In 2004 the Executive Council of the Modern Language Association of America created a task force to examine current standards and emerging trends in publication requirements for tenure and promotion in English and foreign language departments in the United States. The council’s action came in response to widespread anxiety in the profession about ever-rising demands for research productivity and shrinking humanities lists by academic publishers, worries that forms of scholarship other than single-authored books were not being properly recognized, and fears that a generation of junior scholars would have a significantly reduced chance of being tenured. The task force was charged with investigating the factual basis behind such concerns and making recommendations to address the changing environment in which scholarship is being evaluated in tenureand promotion decisions.
Giving Only Limited Recognition to Digital Scholarship
As expectations for publication have crept upward for individual faculty members and outward to a widening circle of institutions, it seems important that new forms for publishing and disseminating scholarship be able to gain recognition. Recognition for work published in digital formats remains limited, however, and high percentages of departments report little experience with scholarship produced in new media. Digital monographs still remain more prospect than reality in our field, and departments’ lack of experience may reflect the paucity of examples that have been produced to date. Even so, it seems clear that departments need to take special care not to treat scholarship produced in new media prejudicially. It seems a particular cause for concern that departments in the doctorate sector report the least experience with new media.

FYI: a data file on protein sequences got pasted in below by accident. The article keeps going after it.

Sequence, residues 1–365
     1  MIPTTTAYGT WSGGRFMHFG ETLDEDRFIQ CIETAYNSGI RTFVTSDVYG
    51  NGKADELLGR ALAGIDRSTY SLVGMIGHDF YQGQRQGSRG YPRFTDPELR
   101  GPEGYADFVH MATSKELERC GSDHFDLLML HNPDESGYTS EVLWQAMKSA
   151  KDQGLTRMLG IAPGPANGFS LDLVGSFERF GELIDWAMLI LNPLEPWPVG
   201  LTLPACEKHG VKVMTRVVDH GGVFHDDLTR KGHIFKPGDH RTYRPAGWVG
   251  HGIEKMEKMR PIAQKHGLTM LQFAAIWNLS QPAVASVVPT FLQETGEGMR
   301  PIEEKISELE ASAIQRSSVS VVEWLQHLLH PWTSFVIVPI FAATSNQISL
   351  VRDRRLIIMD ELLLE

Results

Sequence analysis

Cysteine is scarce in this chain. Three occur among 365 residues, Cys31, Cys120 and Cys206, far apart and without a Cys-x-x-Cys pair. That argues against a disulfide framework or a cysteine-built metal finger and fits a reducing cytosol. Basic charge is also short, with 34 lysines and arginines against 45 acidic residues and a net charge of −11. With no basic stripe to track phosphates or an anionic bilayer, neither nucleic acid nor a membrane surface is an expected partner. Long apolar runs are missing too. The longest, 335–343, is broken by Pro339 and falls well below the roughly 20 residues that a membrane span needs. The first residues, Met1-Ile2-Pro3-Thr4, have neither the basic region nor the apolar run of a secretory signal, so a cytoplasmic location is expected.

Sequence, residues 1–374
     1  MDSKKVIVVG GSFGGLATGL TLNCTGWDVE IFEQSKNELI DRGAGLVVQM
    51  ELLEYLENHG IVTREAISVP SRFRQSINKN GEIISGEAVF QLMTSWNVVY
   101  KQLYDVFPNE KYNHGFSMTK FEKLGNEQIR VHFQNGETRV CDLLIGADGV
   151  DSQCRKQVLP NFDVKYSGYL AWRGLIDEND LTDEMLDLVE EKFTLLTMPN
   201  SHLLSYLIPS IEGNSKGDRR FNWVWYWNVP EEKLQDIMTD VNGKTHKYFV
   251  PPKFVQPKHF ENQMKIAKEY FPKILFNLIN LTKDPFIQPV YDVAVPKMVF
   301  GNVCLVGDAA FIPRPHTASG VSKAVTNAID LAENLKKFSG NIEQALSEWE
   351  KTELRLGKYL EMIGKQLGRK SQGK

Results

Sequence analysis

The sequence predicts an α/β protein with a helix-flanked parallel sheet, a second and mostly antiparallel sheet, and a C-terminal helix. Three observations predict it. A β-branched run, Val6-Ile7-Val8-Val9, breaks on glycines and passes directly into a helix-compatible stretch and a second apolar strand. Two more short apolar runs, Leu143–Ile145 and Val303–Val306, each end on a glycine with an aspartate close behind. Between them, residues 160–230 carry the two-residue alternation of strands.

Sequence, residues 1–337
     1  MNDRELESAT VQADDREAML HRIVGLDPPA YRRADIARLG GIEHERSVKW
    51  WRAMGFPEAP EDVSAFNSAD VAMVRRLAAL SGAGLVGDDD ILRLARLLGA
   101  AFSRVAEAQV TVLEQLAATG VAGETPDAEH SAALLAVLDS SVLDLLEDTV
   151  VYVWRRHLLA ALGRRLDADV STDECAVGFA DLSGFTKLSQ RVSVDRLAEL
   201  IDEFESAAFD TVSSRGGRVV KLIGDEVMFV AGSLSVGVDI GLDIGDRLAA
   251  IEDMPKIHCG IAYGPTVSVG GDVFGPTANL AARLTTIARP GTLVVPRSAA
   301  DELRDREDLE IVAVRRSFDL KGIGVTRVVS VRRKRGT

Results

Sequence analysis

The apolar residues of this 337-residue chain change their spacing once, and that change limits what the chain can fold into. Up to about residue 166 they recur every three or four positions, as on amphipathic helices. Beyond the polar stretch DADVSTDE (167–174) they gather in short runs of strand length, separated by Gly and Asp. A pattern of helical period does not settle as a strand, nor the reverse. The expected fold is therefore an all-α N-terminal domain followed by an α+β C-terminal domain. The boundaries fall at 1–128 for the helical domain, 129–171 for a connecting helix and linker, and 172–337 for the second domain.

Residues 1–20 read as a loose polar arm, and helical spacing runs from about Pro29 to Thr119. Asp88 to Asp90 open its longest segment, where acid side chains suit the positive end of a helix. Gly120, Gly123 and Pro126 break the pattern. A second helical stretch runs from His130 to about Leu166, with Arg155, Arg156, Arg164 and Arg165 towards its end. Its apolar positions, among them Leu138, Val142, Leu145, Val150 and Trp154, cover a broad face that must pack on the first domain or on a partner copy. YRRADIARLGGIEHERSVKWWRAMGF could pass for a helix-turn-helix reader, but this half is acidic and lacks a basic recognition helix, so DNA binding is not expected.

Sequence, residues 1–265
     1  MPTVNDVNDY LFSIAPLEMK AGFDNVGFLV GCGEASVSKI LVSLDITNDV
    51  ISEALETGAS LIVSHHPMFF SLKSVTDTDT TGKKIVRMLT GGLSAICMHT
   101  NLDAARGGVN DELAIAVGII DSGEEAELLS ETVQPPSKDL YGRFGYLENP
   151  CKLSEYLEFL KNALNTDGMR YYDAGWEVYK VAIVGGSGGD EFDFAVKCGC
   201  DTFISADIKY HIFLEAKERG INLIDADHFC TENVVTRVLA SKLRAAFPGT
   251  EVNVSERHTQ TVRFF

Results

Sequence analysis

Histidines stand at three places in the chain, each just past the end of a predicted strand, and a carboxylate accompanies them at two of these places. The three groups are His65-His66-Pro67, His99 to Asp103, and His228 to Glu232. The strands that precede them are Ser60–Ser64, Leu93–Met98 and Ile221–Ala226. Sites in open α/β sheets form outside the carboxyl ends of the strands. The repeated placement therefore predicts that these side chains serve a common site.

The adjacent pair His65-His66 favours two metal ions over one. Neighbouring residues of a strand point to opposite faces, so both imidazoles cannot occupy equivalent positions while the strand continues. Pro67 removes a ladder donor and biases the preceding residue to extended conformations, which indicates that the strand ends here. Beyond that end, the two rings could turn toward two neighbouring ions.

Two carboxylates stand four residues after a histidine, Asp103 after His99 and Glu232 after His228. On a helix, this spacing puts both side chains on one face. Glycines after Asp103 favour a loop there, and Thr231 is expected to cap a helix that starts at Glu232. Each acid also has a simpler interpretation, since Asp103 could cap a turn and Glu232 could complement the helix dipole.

Recognition of Digital Scholarship
Unsurprisingly, the percentages of departments that report experience with refereed articles produced in digital form is higher than for monographs. But 30% to 40% still report having “no experience.” More troublingly, 60% of departments in Carnegie doctorate institutions say refereed articles in digital format either “don’t count” for tenure in their departments and institutions or that they have no experience evaluating them. Again, it’s possible that some number of respondents who reported that articles in new media “don’t count” may be saying that examples have not yet been forthcoming and so they haven’t yet had the opportunity to have them count. As the task force recommends, departments and institutions should recognize the legitimacy of scholarship produced in new media and create procedures for evaluating these forms of scholarship.